RTX 4070 Ti: In Stock Everywhere, AIB Models Discounts, No eBay Demand

The Nvidia GeForce RTX 4070 Ti is still available for the $799 MSRP everywhere, and resellers are struggling to offload their stock on eBay.

Launched on January 5th at a recommended $799 price set by Nvidia, the RTX 4070 Ti is the newest addition to the RTX 40 graphics card series, currently it is also the most affordable and budget-friendly option compared to the $1,599, and $1,199 prices for the RTX 4090, and RTX 4080 respectively, and we use the words affordable and budget very very loosely here.

At this price, and given Nvidia’s claims that the card offers up to three times the performance of last-gen’s flagship the RTX 3090 Ti, you would think the RTX 4070 Ti would be selling like hotcakes, which is often the case with Nvidia’s new GPU releases, especially on launch day, but so far this doesn’t seem to be the case at all.

Nvidia RTX 4070 Ti vs RTX 3090 Ti
RTX 4070 Ti vs RTX 3090 Ti | Source: Nvidia CES 2023 Address

Since its launch, the RTX 4070 Ti has received some scathing reviews, most notably Steve Burke from ‘Gamers Nexus’ calling it a “rip off” and describing Nvidia’s 3X performance claims as “wholly unattainable”, noting that the company is misleading gamers by basing its claims on the use of DLSS3 technology on the RTX 4070 Ti vs DLSS2 or possibly even no DLSS at all on the RTX 3090 Ti, rather than comparing native performance.

Are gamers going on a buying strike?

It seems that the same sentiments are also echoed by gamers, with reports saying that the card is available in stock everywhere, which is a stark difference compared to the RTX 4090 for example, that card sold out almost instantly when it first launched even though the RTX 4090 is a much more expensive card.

More than a week has passed since launch, and the RTX 4070 Ti continues to be readily available in stock everywhere, even at the $799 price set by Nvidia, and when we say everywhere, we do mean it.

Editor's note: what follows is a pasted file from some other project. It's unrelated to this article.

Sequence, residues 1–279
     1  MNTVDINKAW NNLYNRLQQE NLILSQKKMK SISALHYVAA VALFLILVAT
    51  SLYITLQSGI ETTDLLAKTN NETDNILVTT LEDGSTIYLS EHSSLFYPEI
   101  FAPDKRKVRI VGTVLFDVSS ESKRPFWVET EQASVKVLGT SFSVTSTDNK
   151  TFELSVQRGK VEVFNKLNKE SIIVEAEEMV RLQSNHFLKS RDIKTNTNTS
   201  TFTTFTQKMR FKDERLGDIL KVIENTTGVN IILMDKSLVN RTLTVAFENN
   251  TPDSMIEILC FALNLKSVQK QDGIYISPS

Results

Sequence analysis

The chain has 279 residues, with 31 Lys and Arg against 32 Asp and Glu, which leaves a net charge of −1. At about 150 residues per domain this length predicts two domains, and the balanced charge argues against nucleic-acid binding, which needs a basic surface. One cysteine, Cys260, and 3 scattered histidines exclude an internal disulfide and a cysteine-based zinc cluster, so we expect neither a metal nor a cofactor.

This is odd, considering the RTX 4070 Ti has no Founders Edition, and many predicted that since this is the case, it would be near impossible to find it at $799 anywhere, at least in decent enough volume, and especially as time goes by. (B&H listings indicate there’s even more stock coming soon at $799)

Custom MSI models discounts

Other than the reference model, if you want a fancier cooler or an overclocked GPU, again those are more than readily available if you’re willing to fork out a little extra cash.

In fact, we’re beginning to see some custom AIB models like the Gaming X Trio or the SUPRIM X from MSI receive some discounts already. ($50 discount in both cases)

Resellers are given the cold shoulder

Meanwhile, over on eBay, scalpers and resellers are struggling to make a quick profit off of the RTX 4070 Ti stock they have, and with asking prices as high as $1400+, it’s no wonder that this would be the case.

Units Sold

The GeForce RTX 4070 Ti has sold no units at all on its first launch day and only a total of 9 units on eBay in its first week since launch.

GeForce RTX 4070 Ti Total Sold eBay
RTX 4070 Ti First Week Sales | Source: eBay

When you compare this to the GeForce RTX 4090 that launched on October 12th, this is again a stark difference, the RTX 4090 has sold 246 units in its first day alone, and resellers & scalpers managed to sell a total of 723 units over its first launch week, with average selling prices that went as high as $2,572 in some days, almost a full $1,000 over MSRP!

In fact, despite its much higher price, The RTX 4090 continues to sell well on eBay to date, selling over 1,000 units in the last 30 days at an average price of $2,156.

Even the less popular GeForce RTX 4080 which launched on November 16th, still managed to fare better than the RTX 4070 Ti, selling 85 units in its first week, with 21 units sold on launch day, at average prices that went as high as $1,619. ($400+ over MSRP)

All of the data above does beg the question: is this a case of oversupply in the market? Or is Nvidia’s pricing of the RTX 4070 Ti simply proving to be a bad value proposition for gamers?

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